At first they came up empty. Then to their jubilation they found two planks and a round piling, but it was a very tempered, serious archaeologically skeptical jubilation because not every piece of wood can be tree-ring dated. In fact it seemed their worry was well justified. The wood looked good from the outside, but were so soft that couldn’t even take the necessary samples. Freezing the pieces helped, making it possible to take a cross-section and get some partial information, but you need more that a piece of a tree to calculate the exact year it was felled. The dendrochronological gods were on their side, however, and the scientists found a small piece of park on one of the timbers that completed the annual tree ring record.

“This is a milestone in the history of the city of Trier,” said the director of Trier’s Rheinisches Landesmuseum, as the results of the findings were made public on Friday. […]

The fact that the ancient oak wood that was found could be dated to the winter of 169/170 AD was a “stroke of luck,” said Mechthild Neyses-Eiden, an expert in dendrochronology — the science of three-ring dating — who led the research at the Trier museum. At the time, wood was used for construction immediately after being felled, she explained.

Trier was founded by Augustus Caesar in 16 B.C., but very little is known about the first couple of centuries of its existence. (The orgy of destruction after unification didn’t help.) Finally getting a firm date for the Porta Nigra, a UNESCO World Heritage Site and an iconic symbol of the city, helps sharpen an otherwise very hazy picture.

Categories: Arts and Sciences, History

Penn Museum training loot-detecting dogs

History Blog - Thu, 2018-01-11 23:09

The Penn Museum is deploying one of nature’s highest precision weapons, the canine olfactory sense, in the fight against artifact looting. The museum, the Penn Vet Working Dog Center and the nonprofit Red Arch Cultural Heritage Law and Policy Research are working together on a project that will train dogs to detect and protect smuggled artifacts.

No longer a matter of local desperadoes trying to make a quick buck, artifact smuggling is big business now, generating an estimated four to six billion a year in blood-drenched profits for the criminal and terrorist organizations.

“[K-9 Artifact Finders is] an innovative way to disrupt the market in illicit antiquities, and that’s really what needs to happen to slow down the pace of looting and theft in conflict zones,” consulting scholar for the Penn Museum and 2000 Penn doctoral graduate Michael Danti said. “Currently, art crime, that means fine arts, antiques, antiquities, is usually ranked as the fourth or fifth largest grossing dollar criminal activity in the world on an annual basis.”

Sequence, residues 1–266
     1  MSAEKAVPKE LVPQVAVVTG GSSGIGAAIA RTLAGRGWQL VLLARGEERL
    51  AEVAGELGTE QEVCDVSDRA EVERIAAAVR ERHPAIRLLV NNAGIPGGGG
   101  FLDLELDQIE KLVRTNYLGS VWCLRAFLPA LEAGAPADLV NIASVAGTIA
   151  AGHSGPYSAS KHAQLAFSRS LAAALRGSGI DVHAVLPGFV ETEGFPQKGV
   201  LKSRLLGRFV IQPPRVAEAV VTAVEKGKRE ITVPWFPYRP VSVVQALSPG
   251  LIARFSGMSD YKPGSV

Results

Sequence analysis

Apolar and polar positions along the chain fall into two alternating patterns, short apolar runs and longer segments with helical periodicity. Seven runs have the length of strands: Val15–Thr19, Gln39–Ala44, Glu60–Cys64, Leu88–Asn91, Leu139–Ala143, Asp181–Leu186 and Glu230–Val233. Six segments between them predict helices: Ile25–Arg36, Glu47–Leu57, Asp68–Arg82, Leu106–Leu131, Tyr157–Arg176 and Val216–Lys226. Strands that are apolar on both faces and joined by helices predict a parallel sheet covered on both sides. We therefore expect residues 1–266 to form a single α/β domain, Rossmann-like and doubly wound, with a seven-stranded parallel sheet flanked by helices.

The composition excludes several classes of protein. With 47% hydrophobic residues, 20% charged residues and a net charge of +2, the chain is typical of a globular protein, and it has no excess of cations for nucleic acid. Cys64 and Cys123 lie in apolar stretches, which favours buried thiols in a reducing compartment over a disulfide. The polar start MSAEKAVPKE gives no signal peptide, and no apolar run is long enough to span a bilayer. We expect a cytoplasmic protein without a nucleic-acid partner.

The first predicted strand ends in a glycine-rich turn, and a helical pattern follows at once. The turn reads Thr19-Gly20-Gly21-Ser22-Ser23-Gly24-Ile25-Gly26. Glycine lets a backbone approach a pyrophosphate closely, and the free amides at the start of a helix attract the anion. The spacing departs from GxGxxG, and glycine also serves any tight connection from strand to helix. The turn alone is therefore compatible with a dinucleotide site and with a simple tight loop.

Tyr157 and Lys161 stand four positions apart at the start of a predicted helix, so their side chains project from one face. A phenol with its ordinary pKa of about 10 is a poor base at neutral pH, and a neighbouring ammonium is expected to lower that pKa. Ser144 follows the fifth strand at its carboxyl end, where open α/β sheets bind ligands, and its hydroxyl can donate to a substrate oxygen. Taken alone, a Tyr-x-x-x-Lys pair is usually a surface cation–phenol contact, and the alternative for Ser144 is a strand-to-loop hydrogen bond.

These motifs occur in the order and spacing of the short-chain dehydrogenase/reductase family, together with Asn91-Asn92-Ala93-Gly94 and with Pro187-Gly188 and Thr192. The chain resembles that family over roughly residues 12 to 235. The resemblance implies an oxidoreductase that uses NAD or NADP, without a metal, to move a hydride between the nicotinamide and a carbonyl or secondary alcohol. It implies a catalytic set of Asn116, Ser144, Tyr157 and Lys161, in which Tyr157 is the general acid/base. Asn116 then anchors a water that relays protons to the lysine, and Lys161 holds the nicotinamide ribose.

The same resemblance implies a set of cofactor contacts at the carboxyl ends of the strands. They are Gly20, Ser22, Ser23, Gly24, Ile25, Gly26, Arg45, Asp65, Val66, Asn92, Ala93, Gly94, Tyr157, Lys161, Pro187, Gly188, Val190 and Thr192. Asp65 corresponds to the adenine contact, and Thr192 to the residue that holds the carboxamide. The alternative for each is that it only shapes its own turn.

Danti said terrorist organizations often use stolen cultural artifacts to fund their operations, deliberately destroying them and using them for propaganda and “click-bait.” He added that high-profile groups like the Islamic State have continuously done this, setting a precedent for other similar organizations to employ the same techniques.

The K-9 Artifact Finders program is still in the initial setup phase at this point. The plan is divided into three parts, much like Caesar did to Gaul. To narrow down the almost impossibly broad range of smells associated with cultural heritage objects, trainers will focus on the Fertile Crescent which has been devastated by war, instability and increasingly professional organized criminals that treat the area’s immense cultural patrimony like their personal piggy bank. Penn Museum’s world-class collection of Mesopotamian artifacts will be invaluable in this pursuit.

Four dogs from the Working Dog Center’s, carefully selected for their noses and temperament, will learn to distinguish between up to three types of newly excavated objects. Once the dogs have completed the scent imprinting and recognize what they’re supposed to look for, the trainers will teach them to distinguish between different subsets of odor.

[Penn Vet professor Cynthia] Otto said there is a special procedure to introduce the smell of artifacts to dogs without compromising the artifacts.

“Our main training approach will be to use cotton balls and let the artifacts and cotton sit together in a closed non-permeable bag. That way the odor from the artifacts is absorbed by the cotton and we don’t have to risk damage to the artifacts,” Otto said. “We will also train the dogs to ignore the odor of the plain cotton and other things that might be similar but not the actual artifact.”